What to do if I own a small cafe and my waitress accidentally spilled hot water from a cup of tea on a customer but I don’t have any liability insurance?

Today I received a letter from her attorney asking for my insurance info. In the letter it says she suffered second degree burns. I think she is exaggerating. When the accident happened she was saying she wanted an ambulance and had her friend take pictures. We called 911 and they came and treated her. She wanted to go to the hospital but the paramedics said that wasn’t necessary and said that they treated her and there wasn’t a reason to go to the hospital. So she had her friend drive her there, she says.

Asked on November 9, 2011 under Personal Injury, California


S.L,. Member, California Bar / FreeAdvice Contributing Attorney

Answered 9 years ago | Contributor

It would be advisable to be represented by an attorney.  Without insurance, the customer will file a lawsuit against your cafe and you will also be named in the lawsuit as the owner of the cafe.  The lawsuit will be for negligence because as an employer, you are liable for the negligence of an employee (the waitress) which occurred in the course and scope of her employment.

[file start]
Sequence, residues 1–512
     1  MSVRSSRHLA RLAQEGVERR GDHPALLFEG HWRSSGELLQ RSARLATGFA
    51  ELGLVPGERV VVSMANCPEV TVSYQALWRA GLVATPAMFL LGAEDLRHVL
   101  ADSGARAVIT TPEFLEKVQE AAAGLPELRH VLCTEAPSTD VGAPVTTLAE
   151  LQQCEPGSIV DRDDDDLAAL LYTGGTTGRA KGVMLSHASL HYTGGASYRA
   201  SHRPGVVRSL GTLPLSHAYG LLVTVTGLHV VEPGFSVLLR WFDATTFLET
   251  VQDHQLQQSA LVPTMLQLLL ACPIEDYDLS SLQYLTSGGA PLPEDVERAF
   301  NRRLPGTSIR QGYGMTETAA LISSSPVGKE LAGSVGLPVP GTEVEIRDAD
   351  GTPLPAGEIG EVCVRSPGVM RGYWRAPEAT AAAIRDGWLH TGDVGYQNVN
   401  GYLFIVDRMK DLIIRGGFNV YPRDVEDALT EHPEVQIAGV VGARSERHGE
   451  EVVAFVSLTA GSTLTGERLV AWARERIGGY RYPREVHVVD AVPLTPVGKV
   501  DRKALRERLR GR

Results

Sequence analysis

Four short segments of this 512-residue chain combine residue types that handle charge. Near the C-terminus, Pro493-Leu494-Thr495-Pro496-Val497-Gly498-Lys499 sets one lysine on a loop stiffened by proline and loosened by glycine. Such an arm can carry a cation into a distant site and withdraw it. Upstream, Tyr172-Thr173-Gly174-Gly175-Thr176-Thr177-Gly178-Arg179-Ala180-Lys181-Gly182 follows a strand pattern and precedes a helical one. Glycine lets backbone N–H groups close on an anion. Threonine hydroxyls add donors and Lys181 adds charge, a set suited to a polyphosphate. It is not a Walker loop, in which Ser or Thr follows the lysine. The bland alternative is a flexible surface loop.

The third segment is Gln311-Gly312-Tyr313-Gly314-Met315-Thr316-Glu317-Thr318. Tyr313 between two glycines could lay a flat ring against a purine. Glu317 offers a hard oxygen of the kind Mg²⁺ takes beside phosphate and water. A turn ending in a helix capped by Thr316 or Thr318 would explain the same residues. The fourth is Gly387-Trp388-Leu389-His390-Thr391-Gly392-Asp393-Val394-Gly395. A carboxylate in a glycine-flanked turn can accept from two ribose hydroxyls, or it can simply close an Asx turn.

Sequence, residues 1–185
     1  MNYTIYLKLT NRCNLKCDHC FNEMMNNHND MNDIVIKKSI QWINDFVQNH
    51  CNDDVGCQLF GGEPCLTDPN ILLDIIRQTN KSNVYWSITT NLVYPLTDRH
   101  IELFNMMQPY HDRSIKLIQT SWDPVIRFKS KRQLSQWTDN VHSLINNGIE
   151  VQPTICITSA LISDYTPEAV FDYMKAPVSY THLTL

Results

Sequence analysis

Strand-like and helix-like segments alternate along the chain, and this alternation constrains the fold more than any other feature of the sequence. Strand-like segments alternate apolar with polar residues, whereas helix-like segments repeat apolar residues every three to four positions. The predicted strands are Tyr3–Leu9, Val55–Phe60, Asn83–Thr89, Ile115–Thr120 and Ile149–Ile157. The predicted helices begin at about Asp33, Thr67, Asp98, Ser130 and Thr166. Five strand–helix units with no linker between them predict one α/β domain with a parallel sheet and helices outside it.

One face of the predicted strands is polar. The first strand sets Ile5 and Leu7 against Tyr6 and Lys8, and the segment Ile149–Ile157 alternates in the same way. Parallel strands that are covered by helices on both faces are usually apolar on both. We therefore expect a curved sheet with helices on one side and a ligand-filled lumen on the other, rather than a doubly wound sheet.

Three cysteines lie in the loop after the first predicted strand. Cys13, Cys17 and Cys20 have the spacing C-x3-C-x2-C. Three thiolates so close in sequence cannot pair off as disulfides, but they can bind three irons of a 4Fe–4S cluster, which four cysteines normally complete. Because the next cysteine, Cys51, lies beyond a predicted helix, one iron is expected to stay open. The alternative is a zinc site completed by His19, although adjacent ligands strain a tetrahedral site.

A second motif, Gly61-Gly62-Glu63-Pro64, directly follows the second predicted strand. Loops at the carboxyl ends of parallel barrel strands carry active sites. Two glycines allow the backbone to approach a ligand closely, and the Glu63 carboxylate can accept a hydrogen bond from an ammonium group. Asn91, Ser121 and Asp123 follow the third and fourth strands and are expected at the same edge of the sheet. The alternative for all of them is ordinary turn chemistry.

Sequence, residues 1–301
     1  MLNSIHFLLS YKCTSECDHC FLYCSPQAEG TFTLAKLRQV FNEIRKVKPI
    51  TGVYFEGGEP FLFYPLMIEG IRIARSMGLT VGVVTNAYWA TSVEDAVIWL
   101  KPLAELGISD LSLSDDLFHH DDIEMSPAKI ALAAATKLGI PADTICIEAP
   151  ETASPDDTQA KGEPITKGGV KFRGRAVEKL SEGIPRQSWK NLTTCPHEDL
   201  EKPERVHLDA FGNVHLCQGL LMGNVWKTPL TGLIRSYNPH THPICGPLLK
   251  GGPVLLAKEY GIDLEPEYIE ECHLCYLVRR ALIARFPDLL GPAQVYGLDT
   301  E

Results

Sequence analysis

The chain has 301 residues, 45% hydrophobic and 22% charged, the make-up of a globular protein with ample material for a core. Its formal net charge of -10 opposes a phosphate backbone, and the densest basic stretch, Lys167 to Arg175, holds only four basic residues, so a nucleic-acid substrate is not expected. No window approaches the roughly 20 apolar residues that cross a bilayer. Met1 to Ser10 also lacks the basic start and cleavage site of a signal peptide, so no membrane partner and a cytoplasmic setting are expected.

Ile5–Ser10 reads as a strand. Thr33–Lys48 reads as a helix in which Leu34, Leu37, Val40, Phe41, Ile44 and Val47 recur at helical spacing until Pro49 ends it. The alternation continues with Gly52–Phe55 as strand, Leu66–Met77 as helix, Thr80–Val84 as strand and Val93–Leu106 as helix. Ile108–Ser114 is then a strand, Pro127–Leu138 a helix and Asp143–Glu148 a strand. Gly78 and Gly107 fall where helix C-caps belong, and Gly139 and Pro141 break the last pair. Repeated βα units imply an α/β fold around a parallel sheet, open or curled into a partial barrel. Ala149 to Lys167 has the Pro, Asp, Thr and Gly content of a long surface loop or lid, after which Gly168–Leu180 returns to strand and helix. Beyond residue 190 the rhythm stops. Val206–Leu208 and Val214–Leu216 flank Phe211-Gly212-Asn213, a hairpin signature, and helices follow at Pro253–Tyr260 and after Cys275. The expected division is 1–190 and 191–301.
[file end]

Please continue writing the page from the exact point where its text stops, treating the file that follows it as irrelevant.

The customer's lawsuit will be seeking compensation for the medical bills, pain and suffering (an amount in addition to the medical bills) and wage loss, if applicable.

If you had insurance, the insurance company would have handled the matter and if the case was not settled with the insurance company, the insurance company would have provided you with an attorney at no cost to you.

You should hire an attorney to handle the litigation and try to settle the case with the opposing party's attorney.

IMPORTANT NOTICE: The Answer(s) provided above are for general information only. The attorney providing the answer was not serving as the attorney for the person submitting the question or in any attorney-client relationship with such person. Laws may vary from state to state, and sometimes change. Tiny variations in the facts, or a fact not set forth in a question, often can change a legal outcome or an attorney's conclusion. Although AttorneyPages.com has verified the attorney was admitted to practice law in at least one jurisdiction, he or she may not be authorized to practice law in the jurisdiction referred to in the question, nor is he or she necessarily experienced in the area of the law involved. Unlike the information in the Answer(s) above, upon which you should NOT rely, for personal advice you can rely upon we suggest you retain an attorney to represent you.